“Frackademia” is usually thought of as “studies” conducted by university-based “frackademic” researchers and funded by Big Oil, the old “Tobacco Playbook” in action. But UT-Knoxville has taken the game to a whole new level, leasing off land it owns so that it can study “best practices” for fracking in the Volunteer State.
“It would create a rare, controlled environment in which experts could study the environmental impact of the controversial drilling technique, while also generating revenue to finance research,” explained a New York Times article on the proposal.
The deal with the oil and gas industry for the acerage includes an initial fee of $300,000, plus $300,000 per year, 15-percent royalties on any gas sold and a minimum of $35 per acre paid to UT-Knoxville.
The 8,600 acres sits within the Chattanooga Shale basin, a field still untapped by the industry via hydraulic fracturing (“fracking”), the toxic horizontal drilling process through which oil and gas is obtained from shale rock basins. Atlas Energy – purchased as a subsidiary by Chevron in Nov. 2010 – owns 105,000 acres in the Chattanooga, a clear example the industry has its cross-hairs on the untapped Chattanooga basin.
UT-Knoxville’s new “leasing agency” program will be run under the auspices of the university’s Institute of Agriculture, officially referred to as the UT Institute of Agriculture Gas and Oil Research Initiative and a pre-bid proposal conference for prospective industry partners is set for June 21. Leases will be five years long, with a maximum allowance of three renewals, or 20 years total.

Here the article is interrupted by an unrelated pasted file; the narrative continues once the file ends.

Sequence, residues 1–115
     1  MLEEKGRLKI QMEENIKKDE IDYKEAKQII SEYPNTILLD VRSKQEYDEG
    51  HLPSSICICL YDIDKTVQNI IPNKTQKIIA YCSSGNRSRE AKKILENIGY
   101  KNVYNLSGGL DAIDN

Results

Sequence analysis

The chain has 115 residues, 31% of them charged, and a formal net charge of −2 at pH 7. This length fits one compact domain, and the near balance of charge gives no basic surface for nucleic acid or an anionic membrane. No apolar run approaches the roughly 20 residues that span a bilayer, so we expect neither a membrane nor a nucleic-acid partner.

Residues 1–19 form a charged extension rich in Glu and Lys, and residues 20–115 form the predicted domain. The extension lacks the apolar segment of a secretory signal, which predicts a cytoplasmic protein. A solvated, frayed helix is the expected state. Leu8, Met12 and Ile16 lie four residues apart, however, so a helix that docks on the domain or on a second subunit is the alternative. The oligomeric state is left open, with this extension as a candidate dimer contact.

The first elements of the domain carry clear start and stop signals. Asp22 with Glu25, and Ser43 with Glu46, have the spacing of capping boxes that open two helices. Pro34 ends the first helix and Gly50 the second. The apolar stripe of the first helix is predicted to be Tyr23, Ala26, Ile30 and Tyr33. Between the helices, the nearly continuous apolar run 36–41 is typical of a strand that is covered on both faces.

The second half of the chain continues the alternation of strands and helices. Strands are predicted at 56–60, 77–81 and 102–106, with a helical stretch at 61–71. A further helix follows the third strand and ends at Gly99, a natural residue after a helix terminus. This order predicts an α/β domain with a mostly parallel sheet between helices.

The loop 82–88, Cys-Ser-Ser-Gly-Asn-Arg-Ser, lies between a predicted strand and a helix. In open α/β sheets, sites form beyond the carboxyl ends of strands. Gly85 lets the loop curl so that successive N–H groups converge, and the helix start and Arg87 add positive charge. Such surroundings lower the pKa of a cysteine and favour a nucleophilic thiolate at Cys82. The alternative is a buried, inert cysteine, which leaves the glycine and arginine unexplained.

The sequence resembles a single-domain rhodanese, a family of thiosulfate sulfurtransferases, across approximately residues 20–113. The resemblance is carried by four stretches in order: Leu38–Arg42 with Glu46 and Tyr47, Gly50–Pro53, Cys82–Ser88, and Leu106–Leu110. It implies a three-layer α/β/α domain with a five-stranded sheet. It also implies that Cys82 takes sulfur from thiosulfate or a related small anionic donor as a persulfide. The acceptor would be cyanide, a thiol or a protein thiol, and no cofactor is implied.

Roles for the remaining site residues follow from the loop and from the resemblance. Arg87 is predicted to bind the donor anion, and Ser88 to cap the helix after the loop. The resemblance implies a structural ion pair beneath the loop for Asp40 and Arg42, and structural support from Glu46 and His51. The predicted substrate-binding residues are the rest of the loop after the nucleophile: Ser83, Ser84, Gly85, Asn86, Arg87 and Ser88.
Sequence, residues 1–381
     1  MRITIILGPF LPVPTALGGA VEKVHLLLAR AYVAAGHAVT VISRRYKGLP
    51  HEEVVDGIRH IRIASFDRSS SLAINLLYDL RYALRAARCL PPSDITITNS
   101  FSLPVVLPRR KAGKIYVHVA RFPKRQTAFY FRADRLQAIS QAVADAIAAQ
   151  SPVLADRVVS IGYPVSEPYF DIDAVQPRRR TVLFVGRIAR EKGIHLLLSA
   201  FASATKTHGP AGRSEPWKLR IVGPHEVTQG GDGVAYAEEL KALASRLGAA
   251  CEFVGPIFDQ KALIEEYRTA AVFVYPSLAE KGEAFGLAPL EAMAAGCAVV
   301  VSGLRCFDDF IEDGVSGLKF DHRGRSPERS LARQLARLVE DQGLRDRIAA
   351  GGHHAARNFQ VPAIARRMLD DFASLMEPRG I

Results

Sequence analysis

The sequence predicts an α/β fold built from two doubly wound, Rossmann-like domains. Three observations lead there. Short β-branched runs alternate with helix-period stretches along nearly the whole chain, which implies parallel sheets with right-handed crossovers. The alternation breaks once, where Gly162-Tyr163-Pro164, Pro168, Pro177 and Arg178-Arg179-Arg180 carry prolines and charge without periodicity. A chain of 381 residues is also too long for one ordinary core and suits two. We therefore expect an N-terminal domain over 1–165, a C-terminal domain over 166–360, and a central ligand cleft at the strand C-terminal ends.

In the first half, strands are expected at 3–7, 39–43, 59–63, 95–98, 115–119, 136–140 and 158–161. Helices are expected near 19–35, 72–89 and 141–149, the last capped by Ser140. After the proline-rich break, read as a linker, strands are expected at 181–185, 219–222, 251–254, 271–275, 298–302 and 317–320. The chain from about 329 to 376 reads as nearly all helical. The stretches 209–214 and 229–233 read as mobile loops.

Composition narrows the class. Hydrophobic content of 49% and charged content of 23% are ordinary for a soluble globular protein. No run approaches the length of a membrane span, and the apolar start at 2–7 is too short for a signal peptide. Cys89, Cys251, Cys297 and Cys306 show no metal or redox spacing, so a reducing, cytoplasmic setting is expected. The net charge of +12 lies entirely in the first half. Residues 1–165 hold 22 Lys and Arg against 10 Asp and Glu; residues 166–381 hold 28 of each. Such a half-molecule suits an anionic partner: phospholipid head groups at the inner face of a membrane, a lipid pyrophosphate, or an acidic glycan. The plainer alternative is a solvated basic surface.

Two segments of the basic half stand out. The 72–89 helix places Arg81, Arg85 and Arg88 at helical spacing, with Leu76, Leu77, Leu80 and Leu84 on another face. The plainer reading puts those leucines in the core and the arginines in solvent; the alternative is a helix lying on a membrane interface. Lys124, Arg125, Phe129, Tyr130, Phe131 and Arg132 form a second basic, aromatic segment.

Fracking could become a major source of revenue for UT-Knoxville during a time of severe budget cuts to the UT System. In 2010, the state government slashed $56 million from the UT-Knoxville budget, following another $75 million in budget cuts in 2009 for the UT System at-large.
And one of the top beneficiaries of the fracking frenzy – overlooked thus far – will be the powerful Haslam family.
Haslam Family: Leveraging UT-Knoxville Ties for Fracking Profits
Gov. Haslam, the former Mayor of Knoxville, took $398,110 from the oil and gas industry before his Nov. 2010 gubernatorial race victory.
The Haslam family is an oil and gas family through and through, standing to profit immensely from a fracking boom in Tennessee and nationwide.
In 2012, the Haslam family – owners of Pilot Flying J truck fueling stations, a corporation where Bill Haslem used to serve as president – purchased Western Petroleum and Maxum Petroleum. Both Western and Maxum are major suppliers of fuel and lubricants for fracking operations. Pilot Flying J is the nation’s No. 1 retailer of diesel fuel and is the 6th most profitable corporation in the U.S., earning over $29 billion in 2012.
Pilot Flying J also has 63 of its stations nationwide retrofitted with natural gas pumps for 18-wheelers owned by T. Boone Pickens‘ Clean Energy Fuels Corporation (CEF) as part of CEF’s “America’s Natural Gas Highway.” Some perspective: CEF currently has 67 U.S. fueling stations in total.
By the end of 2013 – an article in EcoWatch explains – Pilot Flying J “plan[s] to have 100 truck stops capable of fueling 18-wheelers with…natural gas.”
Bill Haslam’s father, Jim Haslem – a co-chair of Republican presidential candidate Mitt Romney’s Tennessee campaign and former member of the UT-Knoxville Board of Trustees – gave a $32.5 million donation to UT-Knoxville in 2006. It was the largest ever private donation to the university from an individual.